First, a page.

We often spent weekends with Auntie Anne, my mother’s older sister, and Uncle Paul at their Long Island two-bedroom suburban home in North Babylon, out in Suffolk County. To get there the five of us piled into my dad’s two-tone blue 1956 Buick and drove east down the Sothern State Parkway from North Bellmore, a trip that took just under thirty minutes, except on weekday evenings. The Long Island parkways are surprisingly beautiful. The roads are surrounded by green grass and all kinds of beautiful trees, like a big-city park but without the fence.
My father, two of my uncles and a few of Uncle Paul and Auntie’s male neighbors, including loud George and quiet Ken, would settle into their living room, filled with Auntie’s classic hand-me-down furniture and lots of counterfeit paintings of cherubs and Jesus. They would all sit in front of the large black-and-white RCA Television set to watch Yankee baseball, eat soggy potato chips, red candy apples and Italian candies and eventually tell dirty stories and jokes. I was always torn between listening to the men tell their tales and hanging out with my mom and two aunts, Aunt Anne and Aunt Donny in the kitchen, where little cousin Donna and I were part-time members of the cooking crew. My brothers, Richard and Paul, cousins Dennis and Keith and Babylon neighbor-boys Jimmy and Matthew, kicked up dust in the large backyard, playing an unnamed kid’s game, while auntie’s two dogs sunned themselves on the patio.
In those days there were “men” things and “women” things to do. Cooking was a women’s thing as was the washing, dressing and feeding of children. Watching Yankee baseball and telling dirty jokes, drinking whiskey and beer and smoking non-filtered Lucky Strikes and Chesterfield cigarettes, were “man” things. I didn’t smoke or drink, didn’t really like TV or the Yankees as much as all that, and had zero understanding of adult humor. I lived in a gray area between the dads, the moms and the children, being the first-born kid.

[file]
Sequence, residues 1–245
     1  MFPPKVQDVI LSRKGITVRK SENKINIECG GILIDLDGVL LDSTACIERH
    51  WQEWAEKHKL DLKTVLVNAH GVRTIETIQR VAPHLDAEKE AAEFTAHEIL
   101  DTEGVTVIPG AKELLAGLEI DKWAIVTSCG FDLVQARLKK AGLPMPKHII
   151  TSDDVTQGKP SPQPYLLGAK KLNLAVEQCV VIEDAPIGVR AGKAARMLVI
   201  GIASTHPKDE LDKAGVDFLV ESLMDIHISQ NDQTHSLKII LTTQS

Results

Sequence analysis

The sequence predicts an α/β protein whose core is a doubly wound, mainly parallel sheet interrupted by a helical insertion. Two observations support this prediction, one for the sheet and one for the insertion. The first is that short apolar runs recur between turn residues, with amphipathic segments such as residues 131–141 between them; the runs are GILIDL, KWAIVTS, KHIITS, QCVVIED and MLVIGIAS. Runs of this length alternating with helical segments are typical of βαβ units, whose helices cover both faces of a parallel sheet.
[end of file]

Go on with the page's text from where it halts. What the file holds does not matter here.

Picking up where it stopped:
Even at Grandma and Grandpa’s Bensonhurst house, a half-hour walk from Coney Island, where I was practically born and where my first memories come from, the women essentially lived in the kitchen, it was their kingdom. Men sat on the front porch all day in a near-circle, taking turns telling loud, indecorous jokes. “Loose-women, Black-folks, Jews, Puerto Ricans, homosexuals, midgets, Mexicans, Germans, Japs and the French” were among the many topics of their piercing witticisms. Not a single joke was suitable for the ears of a decent woman or prepubescent child. Each and every punch-line elicited an impious explosion of laughter from the encircled men, who were really not hateful people or particularly prejudicial in everyday lives. They had all kinds of friends and associates. Working class city folks just joked that way.
The menfolk in Auntie’s living room were always restless and hungry. As usual on Sundays, they wanted meat balls, sausage, pastrami, chicken cacciatore, pizza or pasta. They made their desires known with virile yells, whistles, pleas and grumbles. “Ladies please. Ladies please. Make us something good to eat, feed us, feed us. Hey, we’re starvin out here. Starvin I tell you!”
“Pit-za, pit-za, pit-za. Coming right up boys!” Auntie responded as theatrically as possible then began rummaging through her kitchen cabinets for pizza’s required ingredients: flour, yeast, salt, basil, tomato sauce, cheese, olive oil and garlic. “So what’s the rush, hey? We’ll have some pit-za today. Just give us an hour or so, please,” Auntie Anne shrieked as she moved around her kitchen, performing as cleverly as any head-chef might, grabbing all the pans and pots she could find. My mom, Aunt Donny, me and little Donna just kept out of her way.
Flour and water and other pizza components filled two very large blue and yellow mixing bowls. We positioned pots and pans of every description around the kitchen; on the kitchen table, counter top, stove top and the refrigerator. There were twenty pans and pots at least, waiting for oil and dough; pasta pots, frying pans, tiny little milk warmers, left-over-used pie and cookie tins, pots and pans of all kinds. “One needs to improvise whenever one must,” Auntie Anne said knowingly.